My in-laws live in a secured residency. To access their apartment you have to waive a token on a first door, then enter a code on a second door. They are on the last floor of their building, which contains 3 apartments: theirs, a small loft they own and where we stay when we visit them, and a third apartment where nobody lives. They are in one of the safest area of France, where probability of robbery is lesser than 0.3%. There has been no robbery for the past few years as they recall.
And yet, whenever we need to get something in the loft where we stay from the apartment where they live, even for a minute, we have to lock the door of the apartment. Because we never know. They also close the door to their parking spots where they keep two 10-to-15 years old cars, with nothing in these. I can get that last bit, my grandfather’s parking lot got broken into a long time ago. People broke his car’s window, forced his door, looked for valuables and finding none, shat on the seats for the worry.
This is what I call the Solution First approach: applying a solution without finding out if there actually is a need for the solution altogether. When it simply comes to closing a door, it seems pretty harmless to apply the damn solution, but it is actually painful on two levels: you need to use keys all the time, even to get your phone 15 meters away, and mostly it is degrading my relationship with my mother in law, because it pains me so much when I leave the door shut, but not locked, leave for less than a minute, and come back to find it locked. Anyway.
It’s astonishing how much we can encounter this problem all around the place, at work or everywhere else. A company I used to work for was cramped up with complex technologies selected based on sexiness, that were completely useless, not adapted. This result in unmaintainable software. Don’t get me started on “best practices” people can’t justify.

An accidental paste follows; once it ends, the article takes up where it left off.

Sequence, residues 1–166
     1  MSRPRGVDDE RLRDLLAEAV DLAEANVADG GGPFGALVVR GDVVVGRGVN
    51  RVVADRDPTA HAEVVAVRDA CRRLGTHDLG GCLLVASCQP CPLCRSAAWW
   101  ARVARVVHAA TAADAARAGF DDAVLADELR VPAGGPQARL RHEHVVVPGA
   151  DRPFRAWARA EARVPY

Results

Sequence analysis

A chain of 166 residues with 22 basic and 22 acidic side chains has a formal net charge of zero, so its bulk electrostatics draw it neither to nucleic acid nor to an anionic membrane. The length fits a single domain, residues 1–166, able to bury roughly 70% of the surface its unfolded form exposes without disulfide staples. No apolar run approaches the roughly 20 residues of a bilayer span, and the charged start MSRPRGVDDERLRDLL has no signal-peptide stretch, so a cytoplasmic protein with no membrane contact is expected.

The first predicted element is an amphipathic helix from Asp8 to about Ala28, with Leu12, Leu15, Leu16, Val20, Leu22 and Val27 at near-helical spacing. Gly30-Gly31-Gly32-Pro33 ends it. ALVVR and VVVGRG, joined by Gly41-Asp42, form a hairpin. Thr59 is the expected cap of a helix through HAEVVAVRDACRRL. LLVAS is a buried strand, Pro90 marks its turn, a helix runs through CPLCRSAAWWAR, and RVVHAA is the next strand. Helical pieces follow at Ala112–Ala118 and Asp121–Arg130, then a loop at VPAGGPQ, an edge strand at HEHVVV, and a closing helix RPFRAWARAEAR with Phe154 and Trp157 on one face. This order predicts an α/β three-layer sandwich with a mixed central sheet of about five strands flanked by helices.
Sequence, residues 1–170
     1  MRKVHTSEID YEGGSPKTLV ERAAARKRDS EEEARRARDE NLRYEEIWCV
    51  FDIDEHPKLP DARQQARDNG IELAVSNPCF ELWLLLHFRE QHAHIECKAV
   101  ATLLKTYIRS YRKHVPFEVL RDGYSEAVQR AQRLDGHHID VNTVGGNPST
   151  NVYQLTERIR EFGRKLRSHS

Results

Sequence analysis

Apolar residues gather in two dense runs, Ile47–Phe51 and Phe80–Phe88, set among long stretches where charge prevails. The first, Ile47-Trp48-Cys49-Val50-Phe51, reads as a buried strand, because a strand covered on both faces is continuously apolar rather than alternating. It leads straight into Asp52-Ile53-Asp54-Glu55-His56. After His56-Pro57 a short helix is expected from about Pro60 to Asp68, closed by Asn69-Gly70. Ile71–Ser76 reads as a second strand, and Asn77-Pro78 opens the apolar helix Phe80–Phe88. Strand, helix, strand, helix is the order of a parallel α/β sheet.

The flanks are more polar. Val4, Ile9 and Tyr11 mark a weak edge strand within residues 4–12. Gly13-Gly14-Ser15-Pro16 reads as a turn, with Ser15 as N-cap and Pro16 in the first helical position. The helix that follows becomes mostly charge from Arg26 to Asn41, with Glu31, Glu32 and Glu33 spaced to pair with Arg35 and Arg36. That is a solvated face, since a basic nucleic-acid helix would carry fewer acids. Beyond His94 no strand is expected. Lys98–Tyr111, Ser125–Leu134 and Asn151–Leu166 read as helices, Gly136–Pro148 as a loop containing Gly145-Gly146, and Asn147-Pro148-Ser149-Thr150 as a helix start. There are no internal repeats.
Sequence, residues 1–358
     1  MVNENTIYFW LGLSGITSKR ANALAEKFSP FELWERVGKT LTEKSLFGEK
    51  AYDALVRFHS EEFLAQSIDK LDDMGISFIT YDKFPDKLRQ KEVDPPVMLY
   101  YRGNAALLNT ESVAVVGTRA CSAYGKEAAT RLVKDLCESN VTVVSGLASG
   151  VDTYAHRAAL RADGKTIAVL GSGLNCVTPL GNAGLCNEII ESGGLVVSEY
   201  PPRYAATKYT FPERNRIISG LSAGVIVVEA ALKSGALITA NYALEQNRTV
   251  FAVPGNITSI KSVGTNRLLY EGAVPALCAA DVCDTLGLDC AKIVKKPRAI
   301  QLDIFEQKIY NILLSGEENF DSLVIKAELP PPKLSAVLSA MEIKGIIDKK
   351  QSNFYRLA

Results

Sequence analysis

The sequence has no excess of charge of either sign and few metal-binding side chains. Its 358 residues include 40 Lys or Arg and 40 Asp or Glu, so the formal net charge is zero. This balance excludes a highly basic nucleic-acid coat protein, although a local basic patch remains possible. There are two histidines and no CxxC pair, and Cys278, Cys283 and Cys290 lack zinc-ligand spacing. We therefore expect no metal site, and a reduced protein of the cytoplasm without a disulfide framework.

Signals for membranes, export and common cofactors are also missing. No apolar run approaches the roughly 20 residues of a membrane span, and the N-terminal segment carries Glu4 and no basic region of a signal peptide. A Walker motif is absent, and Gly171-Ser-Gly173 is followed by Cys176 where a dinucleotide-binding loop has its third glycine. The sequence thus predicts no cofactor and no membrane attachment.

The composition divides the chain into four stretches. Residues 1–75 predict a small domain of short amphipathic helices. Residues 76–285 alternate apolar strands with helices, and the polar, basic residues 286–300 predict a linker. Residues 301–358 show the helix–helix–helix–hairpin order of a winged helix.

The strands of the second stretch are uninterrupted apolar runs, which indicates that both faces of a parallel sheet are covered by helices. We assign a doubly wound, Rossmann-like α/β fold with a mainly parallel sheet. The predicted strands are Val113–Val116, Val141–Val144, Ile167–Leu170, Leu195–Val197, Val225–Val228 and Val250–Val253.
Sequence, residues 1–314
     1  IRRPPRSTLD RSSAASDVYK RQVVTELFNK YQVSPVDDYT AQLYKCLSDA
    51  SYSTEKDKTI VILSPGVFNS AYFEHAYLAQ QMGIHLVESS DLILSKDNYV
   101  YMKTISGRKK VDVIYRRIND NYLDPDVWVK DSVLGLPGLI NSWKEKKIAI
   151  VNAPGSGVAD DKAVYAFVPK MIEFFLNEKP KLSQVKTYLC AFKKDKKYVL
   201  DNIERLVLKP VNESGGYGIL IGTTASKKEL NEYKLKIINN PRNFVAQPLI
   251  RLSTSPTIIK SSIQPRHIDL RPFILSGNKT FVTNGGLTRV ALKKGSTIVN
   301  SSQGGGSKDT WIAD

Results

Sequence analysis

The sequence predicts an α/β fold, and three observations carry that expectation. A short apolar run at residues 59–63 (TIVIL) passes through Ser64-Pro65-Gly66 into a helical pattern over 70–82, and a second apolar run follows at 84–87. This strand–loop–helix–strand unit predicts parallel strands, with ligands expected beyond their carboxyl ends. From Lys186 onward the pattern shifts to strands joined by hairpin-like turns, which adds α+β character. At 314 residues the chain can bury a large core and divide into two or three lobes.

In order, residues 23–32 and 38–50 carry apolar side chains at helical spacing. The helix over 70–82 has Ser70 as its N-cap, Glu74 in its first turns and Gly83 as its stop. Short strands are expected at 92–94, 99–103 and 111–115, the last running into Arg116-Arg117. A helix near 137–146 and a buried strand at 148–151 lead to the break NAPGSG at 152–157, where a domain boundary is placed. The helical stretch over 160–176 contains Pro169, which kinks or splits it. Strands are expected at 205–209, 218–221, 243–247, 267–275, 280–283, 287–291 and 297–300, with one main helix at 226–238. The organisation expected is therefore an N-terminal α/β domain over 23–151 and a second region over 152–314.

I’ve been working on a $4M project, the first $2M were to justify the project itself by post-rationalizing the decisions to the board. The last $2M were to plan the actual implementation. Did I tell that it was a plain technical solution without an actual need calling for it? The actual implementation never started.
I’ve seen it in “strategies” where the goal is defined as “having the best UI” rather than “trying to address this or that segment of customers where our competition is weaker”. The effects on results are harder to prove because the relation is less direct, what is undeniable is a focus set on the product rather than the market, making things fuzzy for both internal team and clients. I’ve been asked a reporting from an executive manager on raw number of bugs to get an idea of the quality. 72 is the answer, try to make something out of it. France has been increasing the number of speed-traps and reducing speed limits for 10 years exponentially. The first 3 years, number of deaths went down a lot, then slower, justifying an acceleration of deployment. There were more deaths on the road last year than the year before, which means that effectively the solution is not working anymore. They want to add more speed traps and reduce the speed limits because that is apparently the only thing you can do for road safety.
Root cause I see for putting solutions first are quite reduced: it is appealing to your geeky side, everybody does it, you’ve always been doing it, you don’t know what else to do, it’s plain common sense, or it’s simply easier to do things without thinking. The thing is, as long as you did not answer the question “why”, you’ll never be able to provide a correct answer to the question “how”. Even for MVPs, which could stand as a good occurrence of solution first, you can’t have a successful MVP if you don’t know what you’re trying to determine with it. Seems fairly basic, and then, even some C-levels seem to ignore it sometimes. As for locking cars, you could think a solution would be to get more secured doors, a stronger car, or even patrolling and CCTV. What you want to prevent is getting a window broken and the seat shat upon. From this point on, my grandfather always left his car unlocked, with a $5 bill in it. Others occasionally got their doors forced, he lost $5 a couple of times. Your call.